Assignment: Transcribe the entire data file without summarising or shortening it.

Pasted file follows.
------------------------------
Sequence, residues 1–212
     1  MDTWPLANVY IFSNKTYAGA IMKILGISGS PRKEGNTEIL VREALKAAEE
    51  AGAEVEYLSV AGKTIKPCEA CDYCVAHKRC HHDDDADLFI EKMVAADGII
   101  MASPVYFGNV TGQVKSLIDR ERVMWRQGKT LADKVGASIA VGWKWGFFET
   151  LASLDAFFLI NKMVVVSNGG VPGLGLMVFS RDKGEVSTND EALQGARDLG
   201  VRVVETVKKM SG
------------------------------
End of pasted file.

Sequence, residues 1–212
     1  MDTWPLANVY IFSNKTYAGA IMKILGISGS PRKEGNTEIL VREALKAAEE
    51  AGAEVEYLSV AGKTIKPCEA CDYCVAHKRC HHDDDADLFI EKMVAADGII
   101  MASPVYFGNV TGQVKSLIDR ERVMWRQGKT LADKVGASIA VGWKWGFFET
   151  LASLDAFFLI NKMVVVSNGG VPGLGLMVFS RDKGEVSTND EALQGARDLG
   201  VRVVETVKKM SG